St. Patrick’s Day

On this popular holiday, it is common for those taking part in public celebrations and festivities to agree that “Everybody is Irish on St. Patrick’s Day”. With over 100 parades around the country, America is known to celebrate St. Patrick’s Day with great pomp and pageantry. Leprechaun and shamrock themed décor appear all over, and everyone dons their most festive green attire to avoid those famed leprechaun pinches. But who was St. Patrick, and how did this festive holiday truly come about? Taking a look at the origins of St. Patrick’s Day may actually surprise you!

St. Patrick, the Priest

Ironically, St. Patrick was not originally from Ireland. Born in Roman Britain in the fourth century, he eventually made a name for himself in Ireland as a missionary and preached Christianity to the locals. His work was instrumental in converting the inhabitants of Ireland to Christianity, and even today, is recognized as one of the patron saints of Ireland.

The Origin of St. Patrick’s Day Celebrations

The 17th of March, widely celebrated around the world as St. Patrick’s Day, is the day that the patron saint of Ireland is believed to have died. Nearly five centuries later, the Roman Catholic Church in Ireland made this day a religious holiday, which allowed people to take the day off to attend service in the morning and celebrate afterward. Over the years, the day became a national holiday, and the celebrations began to be associated with Irish culture and identity. The color green, representing the greenery of the “Emerald Isle,” eventually replaced the color blue, which was traditionally used in early celebrations of the day. Soon after, the shamrock, a popular symbol in Irish history, also became associated with the holiday. Though the shamrock has always been sacred to the Irish as a sign of spring, Irish folklore would eventually tie it back to St. Patrick as a symbol he used to represent the Holy Trinity.

Paddy’s Day Celebrations in America

The first St. Patrick’s Day parade in America was a very small one as Irish soldiers serving in the English army marched through New York City. The celebrations grew in size and popularity after the arrival of over a million Irish immigrants to the United States during the Potato Famine in Ireland. As the number and strength of the Irish population increased, so did national recognition of the holiday. Though St. Partick’s Day is not a national holiday, it is celebrated with great enthusiasm in various forms throughout the country by Irish and non-Irish citizens alike.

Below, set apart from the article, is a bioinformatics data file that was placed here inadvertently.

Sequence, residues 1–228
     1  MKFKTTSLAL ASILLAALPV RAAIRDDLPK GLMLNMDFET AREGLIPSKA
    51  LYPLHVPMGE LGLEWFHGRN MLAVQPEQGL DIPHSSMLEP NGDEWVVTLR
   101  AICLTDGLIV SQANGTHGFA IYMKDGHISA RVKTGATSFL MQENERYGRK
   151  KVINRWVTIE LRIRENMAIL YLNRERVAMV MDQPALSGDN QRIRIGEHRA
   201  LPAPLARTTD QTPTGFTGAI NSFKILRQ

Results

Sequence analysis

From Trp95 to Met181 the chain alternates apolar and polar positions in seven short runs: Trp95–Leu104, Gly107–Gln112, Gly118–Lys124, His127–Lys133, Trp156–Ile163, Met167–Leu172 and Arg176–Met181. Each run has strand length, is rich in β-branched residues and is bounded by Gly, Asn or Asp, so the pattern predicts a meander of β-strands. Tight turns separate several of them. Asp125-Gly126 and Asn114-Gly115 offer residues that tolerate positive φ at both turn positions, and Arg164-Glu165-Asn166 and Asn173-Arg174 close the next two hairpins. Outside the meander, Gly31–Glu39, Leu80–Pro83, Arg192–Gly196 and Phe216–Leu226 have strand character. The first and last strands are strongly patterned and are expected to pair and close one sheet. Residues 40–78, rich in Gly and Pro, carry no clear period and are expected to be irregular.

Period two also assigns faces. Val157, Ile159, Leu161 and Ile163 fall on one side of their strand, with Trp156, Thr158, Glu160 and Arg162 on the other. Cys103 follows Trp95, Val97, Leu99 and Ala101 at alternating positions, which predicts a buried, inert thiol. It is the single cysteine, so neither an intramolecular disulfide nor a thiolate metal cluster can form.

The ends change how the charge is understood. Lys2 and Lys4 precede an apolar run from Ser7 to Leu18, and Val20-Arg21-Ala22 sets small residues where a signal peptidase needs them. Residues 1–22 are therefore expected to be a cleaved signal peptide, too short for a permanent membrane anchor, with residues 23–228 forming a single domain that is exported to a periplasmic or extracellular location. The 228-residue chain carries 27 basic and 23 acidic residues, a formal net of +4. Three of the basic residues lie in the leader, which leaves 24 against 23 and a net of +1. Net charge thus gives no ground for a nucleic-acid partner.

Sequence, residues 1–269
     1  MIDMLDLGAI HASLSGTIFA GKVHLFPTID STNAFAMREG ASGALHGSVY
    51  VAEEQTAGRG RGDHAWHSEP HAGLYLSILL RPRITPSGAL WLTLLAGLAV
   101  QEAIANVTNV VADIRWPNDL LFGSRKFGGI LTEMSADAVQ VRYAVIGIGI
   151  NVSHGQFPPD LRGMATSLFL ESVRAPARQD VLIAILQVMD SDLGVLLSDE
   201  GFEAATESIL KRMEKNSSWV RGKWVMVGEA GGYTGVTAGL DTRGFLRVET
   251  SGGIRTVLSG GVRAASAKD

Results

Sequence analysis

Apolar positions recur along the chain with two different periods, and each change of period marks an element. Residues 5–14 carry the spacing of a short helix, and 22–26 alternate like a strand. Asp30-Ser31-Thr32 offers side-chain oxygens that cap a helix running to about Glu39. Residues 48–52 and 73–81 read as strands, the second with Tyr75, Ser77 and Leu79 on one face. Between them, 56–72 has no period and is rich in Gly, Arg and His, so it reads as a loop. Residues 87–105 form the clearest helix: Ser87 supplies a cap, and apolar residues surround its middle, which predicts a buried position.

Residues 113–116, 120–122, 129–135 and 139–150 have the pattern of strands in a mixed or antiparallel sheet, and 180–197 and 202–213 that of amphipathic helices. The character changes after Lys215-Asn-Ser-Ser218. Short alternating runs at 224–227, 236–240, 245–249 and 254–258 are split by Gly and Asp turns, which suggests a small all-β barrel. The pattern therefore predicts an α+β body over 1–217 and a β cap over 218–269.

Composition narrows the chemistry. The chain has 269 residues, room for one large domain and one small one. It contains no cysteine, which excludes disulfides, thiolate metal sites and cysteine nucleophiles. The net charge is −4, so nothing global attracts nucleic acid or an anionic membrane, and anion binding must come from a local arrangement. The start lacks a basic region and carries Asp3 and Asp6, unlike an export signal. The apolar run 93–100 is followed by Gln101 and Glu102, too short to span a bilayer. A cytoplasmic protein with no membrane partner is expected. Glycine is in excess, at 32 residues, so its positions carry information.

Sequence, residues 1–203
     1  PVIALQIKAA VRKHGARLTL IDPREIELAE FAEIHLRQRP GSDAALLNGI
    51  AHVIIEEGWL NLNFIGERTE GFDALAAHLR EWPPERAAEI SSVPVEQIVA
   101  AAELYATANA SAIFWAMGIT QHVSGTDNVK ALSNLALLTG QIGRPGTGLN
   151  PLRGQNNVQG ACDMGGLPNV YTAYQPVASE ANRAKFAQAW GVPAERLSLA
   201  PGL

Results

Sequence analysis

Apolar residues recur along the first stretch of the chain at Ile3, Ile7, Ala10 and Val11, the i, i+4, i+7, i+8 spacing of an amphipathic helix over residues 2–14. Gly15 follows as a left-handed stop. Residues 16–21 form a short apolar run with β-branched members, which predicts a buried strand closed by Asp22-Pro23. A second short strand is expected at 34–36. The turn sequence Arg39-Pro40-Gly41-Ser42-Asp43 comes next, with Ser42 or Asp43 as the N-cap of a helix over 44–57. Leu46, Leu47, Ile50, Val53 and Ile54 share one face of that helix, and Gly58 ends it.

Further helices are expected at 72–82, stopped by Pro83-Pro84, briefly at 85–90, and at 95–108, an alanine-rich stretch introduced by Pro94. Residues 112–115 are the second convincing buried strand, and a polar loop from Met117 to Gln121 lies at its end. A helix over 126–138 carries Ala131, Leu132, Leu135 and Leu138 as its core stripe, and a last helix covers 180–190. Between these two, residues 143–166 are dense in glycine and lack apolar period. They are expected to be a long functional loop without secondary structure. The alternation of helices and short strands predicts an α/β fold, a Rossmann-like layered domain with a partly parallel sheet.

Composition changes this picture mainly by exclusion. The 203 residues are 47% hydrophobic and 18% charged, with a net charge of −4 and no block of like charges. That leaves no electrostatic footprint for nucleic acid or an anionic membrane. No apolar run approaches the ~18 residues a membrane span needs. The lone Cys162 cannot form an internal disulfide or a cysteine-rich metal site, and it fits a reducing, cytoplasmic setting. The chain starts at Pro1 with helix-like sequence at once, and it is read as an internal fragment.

Parades are one of the most common ways of celebrating St. Patrick’s Day, with New York City’s festivities being the largest in America. At these public celebrations the color green is used in just about everything - clothing, face paint, hair dye, décor and food. The city of Chicago also has a unique tradition of dying the Chicago River green every year to celebrate the festival. Generally, the sharing of Irish food, songs and dance are also popular means of celebrating Irish culture and tradition.

St. Patrick’s Day Celebrations around the World

Ireland uses the holiday to promote tourism and an awareness of the country’s culture. Naturally, these celebrations are the biggest in the world, spanning five days and including cultural performances, concerts, competitions, parades and conferences. The festival is also widely celebrated in countries with a large number of Irish immigrants, including Canada, Australia and Britain.

As a festival that commemorates Irish culture and tradition, St. Patrick’s Day is celebrated by Irish men and women around the world as a way to honor and connect with their roots.

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